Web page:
What do young people say about their parents in therapy with psychologists?
Unlike several generations before them, young people today are not afraid to put their heads on a therapist's couch.
What's on their mind besides an uncertain job market, marriage worries and student debt? "For many, the problem is their parents," said Deborah Duley, a psychotherapist and founder of Empowered Connections.
“We went from a parent-centered society to a child-centered society, and this generation is the product of that flux in our parenting focus,” Duley told HuffPost. 'As a result, I hear constant complaints that their parents are managing their lives to the point of being suffocating.'
Duley and other therapists have shared some of the complaints they hear from clients in their 20s and 30s.
1. I grew up with helicopter parents and now I can't function like a real adult.
Problem no. 1 that I see with millennials and their parents is that they complain about being overprotective. You know it's a problem when the mother of a 28-year-old calls and makes an appointment for a session for her daughter. The girl can leave the schedule herself.
2. I feel like a failure by my parents' standards.
One theme I hear about the parent-child relationship is not feeling good enough. Young people grow up with parents who have high expectations, and failure is not only discouraged, but not allowed in some cases. Women from this generation in particular struggle with this as they also have to deal with society, social media and public opinion telling them they are not good enough.
3. My parents don't think I need therapy.
A number of my clients have complained that their parents don't 'believe' in therapy or see it as a sign of weakness. There is a stigma associated with therapy for parents. This often makes grown children feel worthless or misunderstood, or they may believe they are not 'good enough' to deal with their problems. Some clients express frustration because they cannot talk openly with their parents about mental health struggles. Consequently, they are unable to seek support from some of the most important people in their lives.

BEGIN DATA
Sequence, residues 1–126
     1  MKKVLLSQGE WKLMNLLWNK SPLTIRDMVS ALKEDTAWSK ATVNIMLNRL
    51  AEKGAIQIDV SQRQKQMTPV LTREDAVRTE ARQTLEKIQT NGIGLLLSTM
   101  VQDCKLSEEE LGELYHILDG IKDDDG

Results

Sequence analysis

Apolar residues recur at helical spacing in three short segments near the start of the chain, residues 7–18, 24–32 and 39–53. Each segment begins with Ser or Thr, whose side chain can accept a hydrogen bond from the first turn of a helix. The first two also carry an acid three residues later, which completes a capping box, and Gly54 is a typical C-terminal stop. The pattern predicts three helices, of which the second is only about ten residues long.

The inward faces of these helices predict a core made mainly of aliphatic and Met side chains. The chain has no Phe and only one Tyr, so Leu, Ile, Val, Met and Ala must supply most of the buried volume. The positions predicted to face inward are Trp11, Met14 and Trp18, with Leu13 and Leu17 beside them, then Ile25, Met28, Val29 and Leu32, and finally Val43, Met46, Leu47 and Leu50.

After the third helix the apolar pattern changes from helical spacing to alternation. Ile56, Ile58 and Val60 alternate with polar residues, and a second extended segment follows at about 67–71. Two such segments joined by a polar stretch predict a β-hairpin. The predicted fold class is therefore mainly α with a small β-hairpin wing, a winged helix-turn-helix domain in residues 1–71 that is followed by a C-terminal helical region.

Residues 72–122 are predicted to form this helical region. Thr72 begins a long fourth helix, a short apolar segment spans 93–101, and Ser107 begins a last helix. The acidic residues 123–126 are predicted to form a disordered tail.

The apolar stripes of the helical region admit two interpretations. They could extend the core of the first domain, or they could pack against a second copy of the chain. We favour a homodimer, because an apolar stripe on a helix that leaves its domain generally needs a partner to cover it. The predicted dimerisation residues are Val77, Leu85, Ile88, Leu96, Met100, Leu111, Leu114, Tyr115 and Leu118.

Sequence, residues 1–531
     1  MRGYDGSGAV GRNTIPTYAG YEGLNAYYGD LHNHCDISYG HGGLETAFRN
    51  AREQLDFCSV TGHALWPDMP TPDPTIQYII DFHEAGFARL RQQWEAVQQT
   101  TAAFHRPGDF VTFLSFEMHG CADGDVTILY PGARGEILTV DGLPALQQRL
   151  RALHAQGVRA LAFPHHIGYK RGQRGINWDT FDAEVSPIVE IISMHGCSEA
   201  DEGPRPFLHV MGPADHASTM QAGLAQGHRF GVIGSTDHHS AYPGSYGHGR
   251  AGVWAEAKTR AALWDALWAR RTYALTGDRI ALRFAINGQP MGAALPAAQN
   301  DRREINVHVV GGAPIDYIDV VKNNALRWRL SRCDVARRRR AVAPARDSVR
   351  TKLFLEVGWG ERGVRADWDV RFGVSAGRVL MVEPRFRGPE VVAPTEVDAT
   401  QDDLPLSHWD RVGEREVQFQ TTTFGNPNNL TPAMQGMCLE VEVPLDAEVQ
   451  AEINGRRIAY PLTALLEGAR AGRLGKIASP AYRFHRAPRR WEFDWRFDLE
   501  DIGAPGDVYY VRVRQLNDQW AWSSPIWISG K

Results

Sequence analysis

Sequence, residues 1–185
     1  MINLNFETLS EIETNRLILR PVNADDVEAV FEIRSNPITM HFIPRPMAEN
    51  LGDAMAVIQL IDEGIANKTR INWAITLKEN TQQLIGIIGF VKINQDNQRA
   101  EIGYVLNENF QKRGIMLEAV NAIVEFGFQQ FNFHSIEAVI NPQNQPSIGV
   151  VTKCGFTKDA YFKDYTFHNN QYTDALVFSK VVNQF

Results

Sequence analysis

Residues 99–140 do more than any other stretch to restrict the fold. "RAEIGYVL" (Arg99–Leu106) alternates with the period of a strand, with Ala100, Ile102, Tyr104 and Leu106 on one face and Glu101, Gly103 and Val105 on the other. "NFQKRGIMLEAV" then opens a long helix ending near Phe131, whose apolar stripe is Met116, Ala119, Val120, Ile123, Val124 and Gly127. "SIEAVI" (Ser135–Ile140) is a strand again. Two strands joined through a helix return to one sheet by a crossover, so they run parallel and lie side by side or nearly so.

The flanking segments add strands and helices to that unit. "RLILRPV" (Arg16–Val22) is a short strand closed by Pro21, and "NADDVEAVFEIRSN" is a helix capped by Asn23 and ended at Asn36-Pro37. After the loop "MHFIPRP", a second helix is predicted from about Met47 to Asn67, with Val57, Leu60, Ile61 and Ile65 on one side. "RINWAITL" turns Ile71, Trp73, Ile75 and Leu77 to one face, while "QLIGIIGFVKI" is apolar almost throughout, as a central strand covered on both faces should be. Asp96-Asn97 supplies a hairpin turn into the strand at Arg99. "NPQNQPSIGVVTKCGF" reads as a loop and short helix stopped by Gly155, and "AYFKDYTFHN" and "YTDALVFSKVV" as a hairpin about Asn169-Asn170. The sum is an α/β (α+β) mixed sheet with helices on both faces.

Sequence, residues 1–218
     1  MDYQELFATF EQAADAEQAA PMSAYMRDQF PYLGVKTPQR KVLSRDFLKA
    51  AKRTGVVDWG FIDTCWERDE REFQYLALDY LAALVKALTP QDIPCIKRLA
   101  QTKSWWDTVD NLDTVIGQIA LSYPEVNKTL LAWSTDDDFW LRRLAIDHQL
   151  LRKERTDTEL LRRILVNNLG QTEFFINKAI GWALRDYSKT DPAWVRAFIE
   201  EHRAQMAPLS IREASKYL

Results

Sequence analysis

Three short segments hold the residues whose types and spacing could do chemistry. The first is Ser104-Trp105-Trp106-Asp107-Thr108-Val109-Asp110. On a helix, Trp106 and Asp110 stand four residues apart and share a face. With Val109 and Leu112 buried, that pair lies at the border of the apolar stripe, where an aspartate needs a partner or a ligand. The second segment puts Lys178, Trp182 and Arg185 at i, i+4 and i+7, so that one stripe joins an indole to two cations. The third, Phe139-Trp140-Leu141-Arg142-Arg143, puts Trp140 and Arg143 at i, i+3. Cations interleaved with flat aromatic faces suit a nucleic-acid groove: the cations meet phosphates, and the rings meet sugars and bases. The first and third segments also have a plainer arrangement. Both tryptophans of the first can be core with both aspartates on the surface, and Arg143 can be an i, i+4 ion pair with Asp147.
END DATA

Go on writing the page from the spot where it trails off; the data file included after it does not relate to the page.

4. My parents have become helicopter grandparents.
After having children, young people are pressured by their parents who have strong opinions about their parenting styles and decisions. It can become a problem when people feel compelled to prioritize their parents' opinions over their partners'. Parenting is a very individual journey and everyone chooses the style that suits them best.
5. My parents are too involved in my financial life.
One of the biggest issues that arises is parents not respecting boundaries or getting too involved in their children's lives, especially with finances. Parents feel they have a right to information because they often provide financial assistance. For example, when parents pay for a child's psychotherapy, they often ask about the content of the sessions without respecting privacy. They contact me to explain their child's difficulties when there is no need for this information. Sometimes, when a patient sets a boundary with a parent, the parent blames or misattributes the child's autonomy to the therapist interfering with the relationship. It's as if the therapy they're paying for is seen as a threat to the parent-child relationship.
6. My parents didn't teach me how to navigate negative emotions.
Another constant thing I hear is the lack of guidance on how to deal with negative emotions and experiences. Time and time again, I see women who struggle mightily with managing their negative emotions. They are taught that negative emotions must be avoided at all costs; that anxiety is a normal part of a woman's everyday life and she should deal with it simply by taking a pill or avoiding emotions altogether through unhealthy methods. This, I think, is the most damaging message a child can receive. Understanding that negative emotions are normal, to be expected, and may actually be intentional is a game changer for these women.